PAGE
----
Insight

Staking your claims: how young insurers can compete on reputational excellence

March 19, 2024

By Elissa Doroff, Head of Americas, Claims

As a relatively new specialty insurance market entrant, Mosaic frequently gets asked the same question by brokers across product lines. “How much have you paid in claims?” they query, referring to our company’s relative youth as a specialty carrier. It got me thinking about track record and the value of claims reputation. How big a part should your payouts history play when vying for business?

Mosaic paid, or agreed to pay, $30 million in our transactional liability division alone in Q4 last year, so, at just three years of age, we already have a growing record to stand behind. That’s important because solid, claims-paying data is a hefty selling point for an insurer and instils confidence in brokers and clients. For start-up carriers that haven’t been in business long enough to experience many claims, however, it can present a challenge: if a broker is placing business even partly on the basis of claims history, how can a young company compete?

The answer is that claims payouts shouldn’t be the single barometer of excellence used to evaluate newer carriers. Neither are they the full picture of a claims team’s reputation. As a 2021 start-up, we’ve rolled out seven specialty lines at Mosaic—so, it’s still relatively early days in terms of receiving claims in some parts of the business. Similar to how we’re competing against more established firms in product innovation and capital structure, we also measure up impressively in both approach and expertise of our claims-management team.

So, what should brokers and clients be looking for when evaluating an insurer’s claims function? And how should insurers aim to prove their value and differentiate themselves? Here are six key points to keep in mind:

  1. Don’t regard claims as a back-office function of an insurance company—rather, the guiding principle of client-centric best practice should be this: the claim is the product.
  1. An integrated underwriting and claims approach demonstrates this philosophy in practice. Leveraging the claims team’s experience of policy outcomes and the appeal of claims-handling excellence as a selling point means involving claims professionals from the outset of every business transaction. Bringing claims expertise to meetings, whether for renewals or potential new business, can only help underwriters do their job. As coverage across product lines expands, understanding what potential exposures may look like from a claims perspective helps underwriters craft language to capture the intent of both the broker and Insured, avoiding ambiguity when a claim arises. There’s great value for the client, as well; specialty insurance is still a relationship-driven business, and it’s better for everyone if the claims team and insured can start building that connection well before the point of claim.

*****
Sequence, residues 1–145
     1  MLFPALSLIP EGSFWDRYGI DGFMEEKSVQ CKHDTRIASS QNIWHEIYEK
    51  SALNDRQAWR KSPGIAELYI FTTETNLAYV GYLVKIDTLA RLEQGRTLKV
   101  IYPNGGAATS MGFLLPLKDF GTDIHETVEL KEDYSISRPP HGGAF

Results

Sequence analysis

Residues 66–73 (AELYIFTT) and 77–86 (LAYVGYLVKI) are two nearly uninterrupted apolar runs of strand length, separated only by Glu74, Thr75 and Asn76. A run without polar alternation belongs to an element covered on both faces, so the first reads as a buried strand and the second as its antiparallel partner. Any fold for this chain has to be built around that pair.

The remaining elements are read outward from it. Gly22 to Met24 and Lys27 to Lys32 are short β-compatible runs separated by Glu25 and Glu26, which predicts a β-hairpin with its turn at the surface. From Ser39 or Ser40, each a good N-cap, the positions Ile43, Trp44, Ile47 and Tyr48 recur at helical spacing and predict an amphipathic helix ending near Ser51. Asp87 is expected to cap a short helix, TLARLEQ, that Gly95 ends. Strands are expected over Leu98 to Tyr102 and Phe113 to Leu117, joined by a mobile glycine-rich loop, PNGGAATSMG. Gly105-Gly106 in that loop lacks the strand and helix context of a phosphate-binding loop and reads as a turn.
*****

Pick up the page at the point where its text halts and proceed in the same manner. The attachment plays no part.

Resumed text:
1. A claims process that appears unnecessarily laboured, bureaucratic, and plagued by delays will leave policyholders feeling the insurer is trying to renege on its promise to pay, whether or not that is actually the case. Clarity of communication from the outset is critical to ensure the process runs smoothly.
  1. Complex specialty risks prone to complicated claims may be a good test of a claims team’s abilities, as these types of risks may require large amounts of sensitive information to be shared in a short time and have potential for disputes and delays. Examples include transactional liability and cyber. Setting forth expectations early on in the claims process, in terms of requested information and why, can go a long way in putting broker and insured at ease.
  1. Talent is telling: while a young company may lack a claims history, its claims executives, managers and adjusters often have decades of industry experience between them. Claims talent is an area in which young companies can compete well. Given a blank slate to develop an effective claims system from scratch, such talent can have a more meaningful impact than it could within the established claims department of a more seasoned carrier.
  1. Relatively small, yet appropriately staffed firms may also trump large legacy carriers and MGAs where claims may have to pass through several layers of authority and require multiple approvals before settlement. For instance, Mosaic can assure clients that when they submit a claim, they will deal directly with the person who has authority to make decisions to move it forward.

Ultimately, young companies have several advantages over mature rivals in achieving the responsiveness, efficiency, and clarity necessary to make claims-management quality a selling point. I see this every day at Mosaic, where we put claims front and center of our service, unencumbered by legacy processes.

The bottom line is that claims are at the crux of the relationship between insurance buyer and insurer. In the eyes of the insured, the payment of a claim is the product of the insurance transaction, the validation of the policy itself. Claims directly impact client satisfaction and business retention. And the manner in which claims are handled is also fundamentally important. If insureds have confidence the claims process will be fair, efficient, and transparent, they feel greater assurance they are getting the coverage they paid for.

After all, the one question on the mind of every client is: will we get paid if something happens?